American Association of Plastic Surgeons

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The Impact of Diabetes on Mastectomy and Breast Reconstruction Outcomes: An Analysis of 106,210 Patients
William J. Rifkin, BA, Rami S. Kantar, MD, Michael J. Cammarata, BS, Joshua A. David, BS, Stelios C. Wilson, MD, J. Rodrigo Diaz-Siso, MD, Alyssa R. Golas, MD, Jamie P. Levine, MD, Daniel J. Ceradini, MD.
Hansjörg Wyss Department of Plastic Surgery, NYU Langone Health, New York, NY, USA.

PURPOSE: Wound complications following mastectomy and/or reconstruction may result in longer hospitalization, additional procedures, delayed adjuvant treatment, and suboptimal outcomes. The purpose of this study was to evaluate the impact of diabetes on mastectomy and breast reconstruction surgical outcomes.
METHODS: The ACS-NSQIP database was reviewed from 2010-2015 to identify patients undergoing total, partial, or subcutaneous mastectomy, and immediate or delayed prosthetic reconstruction. Primary outcomes included wound complications and prosthesis failure. Preoperative variables and outcomes were compared between diabetic and non-diabetic patients. Multivariate regression was used to control for confounders.
RESULTS: The following groups were identified: partial (n=52,583), total (n=41,540), subcutaneous mastectomy (n=3,145), immediate (n=4,663) and delayed (n=4,279) prosthetic reconstruction.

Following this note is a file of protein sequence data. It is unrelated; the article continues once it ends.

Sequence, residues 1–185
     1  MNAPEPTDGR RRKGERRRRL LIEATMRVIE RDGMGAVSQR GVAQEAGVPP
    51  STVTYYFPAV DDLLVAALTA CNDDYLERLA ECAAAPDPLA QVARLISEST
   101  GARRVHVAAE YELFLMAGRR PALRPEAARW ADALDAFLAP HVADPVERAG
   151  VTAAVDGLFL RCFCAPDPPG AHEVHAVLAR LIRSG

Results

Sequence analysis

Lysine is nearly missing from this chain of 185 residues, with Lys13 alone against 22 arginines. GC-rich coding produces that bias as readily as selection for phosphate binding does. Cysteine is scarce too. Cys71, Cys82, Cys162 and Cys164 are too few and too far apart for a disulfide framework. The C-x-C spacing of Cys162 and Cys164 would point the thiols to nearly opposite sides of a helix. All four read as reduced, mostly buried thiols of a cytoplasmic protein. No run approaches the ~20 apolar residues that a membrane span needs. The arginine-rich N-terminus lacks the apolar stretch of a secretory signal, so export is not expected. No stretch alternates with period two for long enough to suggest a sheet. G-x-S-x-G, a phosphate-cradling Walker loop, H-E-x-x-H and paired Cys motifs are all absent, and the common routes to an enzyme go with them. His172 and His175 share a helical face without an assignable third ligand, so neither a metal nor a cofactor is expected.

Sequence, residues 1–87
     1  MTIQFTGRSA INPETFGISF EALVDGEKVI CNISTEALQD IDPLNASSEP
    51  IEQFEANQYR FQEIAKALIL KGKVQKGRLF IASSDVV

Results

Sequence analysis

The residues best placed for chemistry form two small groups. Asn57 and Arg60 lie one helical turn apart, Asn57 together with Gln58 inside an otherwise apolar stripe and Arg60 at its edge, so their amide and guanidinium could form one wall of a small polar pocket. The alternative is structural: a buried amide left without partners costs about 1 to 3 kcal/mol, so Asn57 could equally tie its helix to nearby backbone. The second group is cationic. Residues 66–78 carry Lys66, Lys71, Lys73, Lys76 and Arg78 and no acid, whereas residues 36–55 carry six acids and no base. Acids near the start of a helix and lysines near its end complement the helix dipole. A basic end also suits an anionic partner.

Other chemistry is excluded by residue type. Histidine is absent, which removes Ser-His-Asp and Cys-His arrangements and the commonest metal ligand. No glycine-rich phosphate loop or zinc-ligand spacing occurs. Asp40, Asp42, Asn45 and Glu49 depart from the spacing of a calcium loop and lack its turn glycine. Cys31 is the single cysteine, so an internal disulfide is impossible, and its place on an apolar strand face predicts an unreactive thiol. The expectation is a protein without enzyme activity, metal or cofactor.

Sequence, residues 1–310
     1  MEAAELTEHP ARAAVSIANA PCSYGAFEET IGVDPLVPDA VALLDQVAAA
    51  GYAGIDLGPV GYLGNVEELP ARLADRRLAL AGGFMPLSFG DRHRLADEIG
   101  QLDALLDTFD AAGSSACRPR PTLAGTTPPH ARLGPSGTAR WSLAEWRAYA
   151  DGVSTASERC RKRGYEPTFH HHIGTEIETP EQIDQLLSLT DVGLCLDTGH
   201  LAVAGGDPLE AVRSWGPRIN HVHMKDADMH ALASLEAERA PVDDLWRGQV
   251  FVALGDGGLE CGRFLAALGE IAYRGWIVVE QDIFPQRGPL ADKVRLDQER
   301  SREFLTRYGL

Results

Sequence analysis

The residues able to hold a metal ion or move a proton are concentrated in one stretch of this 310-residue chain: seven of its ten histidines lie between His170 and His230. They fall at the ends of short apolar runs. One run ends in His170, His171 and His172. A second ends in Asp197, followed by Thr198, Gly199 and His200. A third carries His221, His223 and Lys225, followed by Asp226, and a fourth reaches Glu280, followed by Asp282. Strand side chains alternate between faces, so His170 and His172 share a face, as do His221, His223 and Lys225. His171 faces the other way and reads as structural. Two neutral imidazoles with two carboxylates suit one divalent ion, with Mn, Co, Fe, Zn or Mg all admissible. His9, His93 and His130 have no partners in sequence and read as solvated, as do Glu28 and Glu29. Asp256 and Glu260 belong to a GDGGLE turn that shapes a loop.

Diabetes was associated with significantly increased rates of superficial incisional surgical site infection (SSI) (OR=8.66; p=0.03) in partial mastectomy, deep incisional SSI (OR=1.61; p=0.01) in subcutaneous mastectomy, and both superficial (OR=1.56; p=0.04) and deep incisional SSI (OR=2.07; p=0.04) in total mastectomy.
Diabetes was not associated with any wound complications in immediate reconstruction, but was associated with significantly higher rates of superficial incisional SSI (OR=17.46; p<0.001) in the delayed reconstruction group. There was no association with prosthesis failure in either group.
CONCLUSIONS: This study evaluated the largest national cohort of mastectomy and prosthetic reconstructive procedures, and suggests that diabetic patients are at significantly increased risk of postoperative infectious wound complications, but have no difference in rates of prosthesis failure. These findings highlight the critical need for heightened clinical vigilance and wound care in the diabetic patient population following mastectomy and implant reconstruction.


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